miles to reach a hospital. A week prior I helped fix a leg fracture that a woman walked upon for at least two miles, dragging herself the last several hundred feet.

Next up is a perhaps three-year-old child who has malnutrition and looks dead. He isn’t moving. Upon a closer look, he is just avoiding movement or making sounds, his eyes wide with fear, mouth agape. Trying to move his neck elicits a weak cry. Meningitis looks like this, and kills in a matter of hours. After I put in an IV and start the antibiotics, it is off to the pediatric ward with him. His chances of survival are about half, with a good chance of residual brain damage. The next five hours are utter torture, with dead
children, surgical emergencies, and women in labor. The patients waiting to be seen in casualty pile up endlessly.

The last child brought in sometime before sunrise had some sort of pneumonia, but my thoughts end there when she stops breathing in front of me. Standard therapy is to intubate the child and ventilate her after a few attempts at rescue breaths. The rescue breaths were unsuccessful, and so I reached for the intubation equipment. The power fails, leaving me to flail about in the dark. Power outages and surges are common here, but the timing of this one could not be worse. I retrieved the tube and a headlamp and turn to find the child vomiting… her airway would now be compromised.

I call for Suction! in a dramatic manner. The nurse retrieves a medieval looking machine out of a cabinet that provides suction via foot pump, and promptly leaves me alone with the child. The process of intubation is fairly difficult, particularly for a medical student with little experience. It’s made much more difficult by trying to operate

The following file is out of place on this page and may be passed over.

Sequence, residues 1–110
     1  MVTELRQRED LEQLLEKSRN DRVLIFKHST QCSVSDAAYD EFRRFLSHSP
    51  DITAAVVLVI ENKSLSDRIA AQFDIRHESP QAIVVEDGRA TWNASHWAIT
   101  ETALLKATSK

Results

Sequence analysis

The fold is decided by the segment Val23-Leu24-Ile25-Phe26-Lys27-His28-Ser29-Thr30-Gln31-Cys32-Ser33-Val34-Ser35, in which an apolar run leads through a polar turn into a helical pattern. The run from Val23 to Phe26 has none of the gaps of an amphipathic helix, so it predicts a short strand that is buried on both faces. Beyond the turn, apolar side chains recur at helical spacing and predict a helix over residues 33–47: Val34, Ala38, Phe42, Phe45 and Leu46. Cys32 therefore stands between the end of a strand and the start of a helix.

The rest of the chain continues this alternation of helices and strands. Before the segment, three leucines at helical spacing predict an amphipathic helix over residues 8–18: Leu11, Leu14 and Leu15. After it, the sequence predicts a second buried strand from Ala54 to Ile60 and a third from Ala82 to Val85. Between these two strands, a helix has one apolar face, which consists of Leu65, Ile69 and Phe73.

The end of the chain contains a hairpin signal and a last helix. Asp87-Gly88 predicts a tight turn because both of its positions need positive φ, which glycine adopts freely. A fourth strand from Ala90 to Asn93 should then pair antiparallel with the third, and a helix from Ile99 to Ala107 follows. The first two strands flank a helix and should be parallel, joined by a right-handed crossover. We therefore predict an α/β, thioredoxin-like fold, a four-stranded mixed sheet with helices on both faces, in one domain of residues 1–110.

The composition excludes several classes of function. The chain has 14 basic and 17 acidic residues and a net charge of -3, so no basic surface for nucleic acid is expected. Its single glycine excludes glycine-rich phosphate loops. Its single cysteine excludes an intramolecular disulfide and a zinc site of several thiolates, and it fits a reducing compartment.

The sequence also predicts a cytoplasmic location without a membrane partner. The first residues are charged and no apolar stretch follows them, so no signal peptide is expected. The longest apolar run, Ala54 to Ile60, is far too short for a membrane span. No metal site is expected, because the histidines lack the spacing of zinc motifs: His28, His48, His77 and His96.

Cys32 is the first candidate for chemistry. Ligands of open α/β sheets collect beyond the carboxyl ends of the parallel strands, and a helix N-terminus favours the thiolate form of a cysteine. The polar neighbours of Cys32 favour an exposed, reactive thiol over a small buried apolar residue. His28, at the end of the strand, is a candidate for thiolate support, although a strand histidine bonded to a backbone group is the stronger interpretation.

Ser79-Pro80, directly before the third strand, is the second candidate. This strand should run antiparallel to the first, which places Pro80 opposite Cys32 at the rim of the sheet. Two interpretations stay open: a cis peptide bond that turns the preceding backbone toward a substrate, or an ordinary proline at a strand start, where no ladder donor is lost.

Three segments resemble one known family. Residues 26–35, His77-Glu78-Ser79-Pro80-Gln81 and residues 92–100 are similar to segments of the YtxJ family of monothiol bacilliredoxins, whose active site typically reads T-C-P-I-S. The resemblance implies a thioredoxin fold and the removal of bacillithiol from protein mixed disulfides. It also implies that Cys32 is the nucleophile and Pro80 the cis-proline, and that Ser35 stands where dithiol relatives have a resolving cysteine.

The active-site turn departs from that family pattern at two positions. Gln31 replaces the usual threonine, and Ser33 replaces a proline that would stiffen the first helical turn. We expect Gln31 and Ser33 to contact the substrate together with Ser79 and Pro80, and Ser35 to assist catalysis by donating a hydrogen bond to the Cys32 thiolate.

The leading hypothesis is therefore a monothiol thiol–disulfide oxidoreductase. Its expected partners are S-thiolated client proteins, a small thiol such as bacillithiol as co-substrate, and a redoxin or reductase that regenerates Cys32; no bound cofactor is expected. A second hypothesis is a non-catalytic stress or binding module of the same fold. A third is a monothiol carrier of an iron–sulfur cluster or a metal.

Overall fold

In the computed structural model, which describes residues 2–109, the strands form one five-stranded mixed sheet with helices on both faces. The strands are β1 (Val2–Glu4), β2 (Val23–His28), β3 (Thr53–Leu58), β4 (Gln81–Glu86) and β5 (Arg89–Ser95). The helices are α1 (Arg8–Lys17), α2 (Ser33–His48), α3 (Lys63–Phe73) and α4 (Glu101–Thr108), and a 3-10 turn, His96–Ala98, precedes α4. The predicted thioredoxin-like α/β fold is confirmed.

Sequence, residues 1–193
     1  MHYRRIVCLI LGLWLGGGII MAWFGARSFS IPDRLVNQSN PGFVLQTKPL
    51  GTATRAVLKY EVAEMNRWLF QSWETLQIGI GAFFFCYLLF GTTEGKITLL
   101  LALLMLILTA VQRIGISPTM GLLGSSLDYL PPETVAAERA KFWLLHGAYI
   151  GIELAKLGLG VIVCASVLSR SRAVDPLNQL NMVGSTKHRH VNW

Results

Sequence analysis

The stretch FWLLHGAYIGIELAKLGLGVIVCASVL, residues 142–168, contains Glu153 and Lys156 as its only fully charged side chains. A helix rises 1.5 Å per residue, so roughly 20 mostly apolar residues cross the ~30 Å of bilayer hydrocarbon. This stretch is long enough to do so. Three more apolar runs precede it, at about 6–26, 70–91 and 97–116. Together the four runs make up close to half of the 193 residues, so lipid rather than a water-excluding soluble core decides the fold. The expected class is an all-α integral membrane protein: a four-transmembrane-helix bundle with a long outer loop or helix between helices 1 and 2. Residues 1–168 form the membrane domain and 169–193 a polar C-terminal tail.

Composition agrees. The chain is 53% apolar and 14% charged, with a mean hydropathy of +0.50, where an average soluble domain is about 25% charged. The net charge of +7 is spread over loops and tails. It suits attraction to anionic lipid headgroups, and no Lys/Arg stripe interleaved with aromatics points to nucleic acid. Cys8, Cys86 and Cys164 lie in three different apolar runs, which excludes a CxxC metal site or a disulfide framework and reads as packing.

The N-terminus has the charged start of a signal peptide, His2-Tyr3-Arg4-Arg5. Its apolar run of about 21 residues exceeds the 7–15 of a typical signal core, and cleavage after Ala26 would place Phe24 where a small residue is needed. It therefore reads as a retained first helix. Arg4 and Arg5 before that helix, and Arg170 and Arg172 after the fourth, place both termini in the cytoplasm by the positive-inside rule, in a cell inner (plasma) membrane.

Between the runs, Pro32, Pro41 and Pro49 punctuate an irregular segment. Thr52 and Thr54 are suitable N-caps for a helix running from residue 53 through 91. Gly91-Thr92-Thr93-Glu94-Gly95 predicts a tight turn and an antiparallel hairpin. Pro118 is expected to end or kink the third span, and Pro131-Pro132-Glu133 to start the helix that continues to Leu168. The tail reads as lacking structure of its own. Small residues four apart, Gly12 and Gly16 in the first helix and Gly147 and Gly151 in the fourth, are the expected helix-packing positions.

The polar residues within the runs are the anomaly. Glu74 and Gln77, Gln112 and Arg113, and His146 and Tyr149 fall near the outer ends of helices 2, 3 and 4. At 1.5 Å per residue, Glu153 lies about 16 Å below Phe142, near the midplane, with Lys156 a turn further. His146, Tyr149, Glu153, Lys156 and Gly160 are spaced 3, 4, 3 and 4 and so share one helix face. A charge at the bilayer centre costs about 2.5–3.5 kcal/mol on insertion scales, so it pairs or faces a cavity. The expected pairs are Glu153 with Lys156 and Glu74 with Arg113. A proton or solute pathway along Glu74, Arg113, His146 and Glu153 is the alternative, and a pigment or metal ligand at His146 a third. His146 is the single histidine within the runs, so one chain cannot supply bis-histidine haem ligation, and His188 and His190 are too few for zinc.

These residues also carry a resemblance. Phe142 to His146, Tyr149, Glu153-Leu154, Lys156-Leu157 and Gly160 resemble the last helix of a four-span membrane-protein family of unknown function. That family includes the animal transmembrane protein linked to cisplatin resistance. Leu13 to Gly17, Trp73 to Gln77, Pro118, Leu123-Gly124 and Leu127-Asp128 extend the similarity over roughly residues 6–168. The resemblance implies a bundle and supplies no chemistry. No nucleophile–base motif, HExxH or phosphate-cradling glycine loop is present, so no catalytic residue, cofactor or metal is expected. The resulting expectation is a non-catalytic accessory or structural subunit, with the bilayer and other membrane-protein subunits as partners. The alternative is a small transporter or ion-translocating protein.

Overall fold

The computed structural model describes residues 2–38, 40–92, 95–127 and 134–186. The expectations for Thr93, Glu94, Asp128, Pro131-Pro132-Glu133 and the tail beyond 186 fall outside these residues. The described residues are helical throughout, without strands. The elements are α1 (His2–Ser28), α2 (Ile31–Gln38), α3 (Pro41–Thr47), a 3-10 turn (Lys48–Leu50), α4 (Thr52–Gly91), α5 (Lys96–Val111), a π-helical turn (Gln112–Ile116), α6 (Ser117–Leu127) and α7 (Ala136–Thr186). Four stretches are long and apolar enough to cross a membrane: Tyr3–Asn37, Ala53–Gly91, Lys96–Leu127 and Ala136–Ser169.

a foot pump, suctioning vomit out of a child’s throat by the dim light of a headlamp and looking for the vocal cord target whilst a mother is looking on expectantly. After what seems an entire football half, and four failed attempts, the child is intubated, and ventilated.

She is also dead at this point. There are times you can look a family member in the eye and inform them that their child is dead, but this is not one of them. I give the bad news to the floor while the nurse (now back in the room) translates. I return to the casualty room with what is left of my confidence to find yet another apparently dead body
waiting for me.

A family of five struggles to hoist this forty-year-old man onto the examination bed, and he is unresponsive. At first, I am resigned to going through the motions to confirm death, but he has a faint heartbeat, and shallow breathing. They could tell me little about him except he is taking a medication of some sort. He is quite fat, which is
unusual for this area. I inject him with sugar on a whim, and within two seconds, he is off the bed and thrashing violently. After the next shot he is merely confused. The unknown medication he was taking must have been for diabetes, and his prescribing doctor must have overdone the dose. I take some comfort in knowing that Lazarus would recover after a few days. A success story ends my evening. Now, it is time to begin the work
day proper.